China Raises Reserve Ratio 50 Basis Points, Paulson Travels To China

In order to curb lending practices and looser monetary liquidity, China’s government has increased the reserve requirement for banks by 50 basis points this weekend. As a result of the increase from 11.5 percent, lenders must now place aside 12 percent in funds as reserves. Coupled with three rate increases in the past four months, the expected decision comes amid further concerns that the Chinese economy continues to overheat, raising inflationary pressures. Incidentally, the decision comes but a day or two before US Secretary Paulson is scheduled to meet with high profile Chinese officials. As a result, speculation has taken the Chinese yuan higher to trade at 7.5673 in the overnight against the US dollar and 10.3398 against the Euro with expectations of a further move by officials later in the third and fourth quarters.

Hong Kong Dollar Gains On Speculation Of Steady Retail Sales
The Hong Kong dollar gained on the US dollar as speculation has mounted that retail sales, a gauge on consumer spending, will continue at a supported level in the month. Both value and volume are anticipated to match previous month’s levels, continuing the notion of healthy growth and expansion in the Hong Kong economy. With stock market valuations rising and unemployment at a record low, the lowest in nine years, consumer confidence is likely to have remained high and helped the overall economy to move closer to its 5.6 percent growth estimate achieved in the first quarter of the year. As a result, the underlying currency pair is expected to test the 7.8200 up till the announcement.


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China Funds Seek Overseas Investments
Two management funds are looking to seek investment in overseas markets after announcing approval under the QDII listing. Under the qualified domestic institutional investor title, domestic investors will be able to invest in China Southern Fund Management Co. Ltd. and Southern Fund, which in turn will be able to make formal investments in other countries. Preliminary plans are for China Southern to select 48 countries and regions for its broader portfolio including investments in Hong Kong and foreign funds. Ultimately, both approvals are expected to help bolster two way traffic in the underlying currency, alleviating one way demand for the yuan.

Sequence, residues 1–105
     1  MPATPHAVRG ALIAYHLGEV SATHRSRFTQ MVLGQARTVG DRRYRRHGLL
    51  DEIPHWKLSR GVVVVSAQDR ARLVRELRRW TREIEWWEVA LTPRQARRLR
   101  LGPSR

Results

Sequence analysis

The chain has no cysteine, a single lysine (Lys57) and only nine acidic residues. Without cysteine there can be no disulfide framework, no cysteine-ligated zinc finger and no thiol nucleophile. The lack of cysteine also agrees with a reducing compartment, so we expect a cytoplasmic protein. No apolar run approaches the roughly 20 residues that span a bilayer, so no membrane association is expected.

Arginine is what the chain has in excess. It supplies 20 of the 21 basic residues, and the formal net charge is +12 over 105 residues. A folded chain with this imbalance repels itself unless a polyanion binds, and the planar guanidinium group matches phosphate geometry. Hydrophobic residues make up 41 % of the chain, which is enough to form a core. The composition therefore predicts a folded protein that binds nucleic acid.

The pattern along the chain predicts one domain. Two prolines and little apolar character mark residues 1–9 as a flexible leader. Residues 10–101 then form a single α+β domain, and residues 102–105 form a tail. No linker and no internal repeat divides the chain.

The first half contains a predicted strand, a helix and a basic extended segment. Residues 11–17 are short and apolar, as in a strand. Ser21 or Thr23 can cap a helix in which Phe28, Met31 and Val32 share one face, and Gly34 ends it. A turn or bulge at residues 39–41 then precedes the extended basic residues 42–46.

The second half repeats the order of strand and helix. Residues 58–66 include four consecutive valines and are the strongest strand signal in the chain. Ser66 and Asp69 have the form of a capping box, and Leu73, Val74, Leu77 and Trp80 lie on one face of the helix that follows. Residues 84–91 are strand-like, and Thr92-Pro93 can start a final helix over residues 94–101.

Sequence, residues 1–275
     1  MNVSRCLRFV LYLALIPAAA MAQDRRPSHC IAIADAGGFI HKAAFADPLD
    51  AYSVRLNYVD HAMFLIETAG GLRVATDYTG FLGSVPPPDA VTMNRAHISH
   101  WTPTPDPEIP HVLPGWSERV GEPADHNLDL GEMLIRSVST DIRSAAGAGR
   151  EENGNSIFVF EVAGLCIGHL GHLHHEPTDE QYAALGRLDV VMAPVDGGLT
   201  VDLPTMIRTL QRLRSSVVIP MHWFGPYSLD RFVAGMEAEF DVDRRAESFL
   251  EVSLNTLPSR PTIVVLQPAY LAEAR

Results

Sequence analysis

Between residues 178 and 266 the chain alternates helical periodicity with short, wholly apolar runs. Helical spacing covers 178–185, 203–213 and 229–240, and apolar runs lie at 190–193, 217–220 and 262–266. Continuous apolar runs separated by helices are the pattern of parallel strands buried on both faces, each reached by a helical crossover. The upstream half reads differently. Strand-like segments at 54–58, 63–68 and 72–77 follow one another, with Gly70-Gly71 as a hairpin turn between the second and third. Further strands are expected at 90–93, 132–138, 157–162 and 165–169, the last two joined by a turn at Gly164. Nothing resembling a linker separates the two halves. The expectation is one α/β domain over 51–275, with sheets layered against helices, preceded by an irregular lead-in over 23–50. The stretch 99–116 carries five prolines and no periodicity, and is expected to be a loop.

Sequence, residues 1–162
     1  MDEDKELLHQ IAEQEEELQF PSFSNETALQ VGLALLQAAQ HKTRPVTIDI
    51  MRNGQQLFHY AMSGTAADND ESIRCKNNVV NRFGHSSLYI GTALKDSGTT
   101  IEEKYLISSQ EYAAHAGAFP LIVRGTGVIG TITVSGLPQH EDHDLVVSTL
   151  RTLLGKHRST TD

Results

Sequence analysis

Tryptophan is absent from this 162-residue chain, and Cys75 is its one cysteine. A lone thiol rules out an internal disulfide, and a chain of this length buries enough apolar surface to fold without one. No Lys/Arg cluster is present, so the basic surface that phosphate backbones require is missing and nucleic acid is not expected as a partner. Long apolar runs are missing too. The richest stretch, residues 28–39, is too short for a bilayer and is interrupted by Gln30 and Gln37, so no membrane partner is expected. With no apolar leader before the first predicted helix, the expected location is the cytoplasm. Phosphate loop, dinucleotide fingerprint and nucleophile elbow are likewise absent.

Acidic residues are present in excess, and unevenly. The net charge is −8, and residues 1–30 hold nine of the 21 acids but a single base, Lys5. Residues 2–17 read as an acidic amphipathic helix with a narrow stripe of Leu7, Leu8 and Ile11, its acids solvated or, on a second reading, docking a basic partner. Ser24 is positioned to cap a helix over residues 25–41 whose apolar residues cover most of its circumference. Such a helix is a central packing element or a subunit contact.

Paulson Travels To China As US Animosity Grows
Under mass scrutiny and recently approved legislation against China, US Secretary Paulson is scheduled to leave today to Beijing in efforts to mediate what has been an ever increasing disagreement. The decision, announced midweek last week, is in response to recently approved legislation by the Senate Finance Committee that would change the way currency manipulation is perceived by officials, creating harsher penalties for manipulation offenders. Incidentally, since the start of his tenure, Paulson has been under criticism as Congress continues to believe the Treasury Secretary is being too soft on China. “We are getting results through this process that wouldn’t have been achieved without it”, Paulson told reporters. The trip, the fourth time in a year, is expected to be focused on the exchange rate regime with inclusion of additional topics of food safety and pirating.

After Bumpy Session, Regional Markets Bounce Back
Rising for the first time in four sessions, the Hang Seng benchmark rebounded after selling pressure took the index lower by 3.8 percent over past three days. Boosted by China Life and other insurance sector shares, the Hong Kong index added 169.49 points to close at 22,739.90. China Life shares were supported by expectations that profit may more than double in the first half of the year. The Straits Times index shared the optimism adding 1 percent to close higher at 3,526.29 on bargain hunting bidding.

Kathy Lien is the Chief Currency Strategist at

Forex Capital Markets. Kathy is responsible for providing research and analysis
DailyFX, including technical and fundamental research reports, market
commentaries and trading strategies. A seasoned FX analyst and trader, prior to
joining FXCM, Kathy was an Associate at JPMorgan Chase where she worked in Cross
Markets and Foreign Exchange Trading.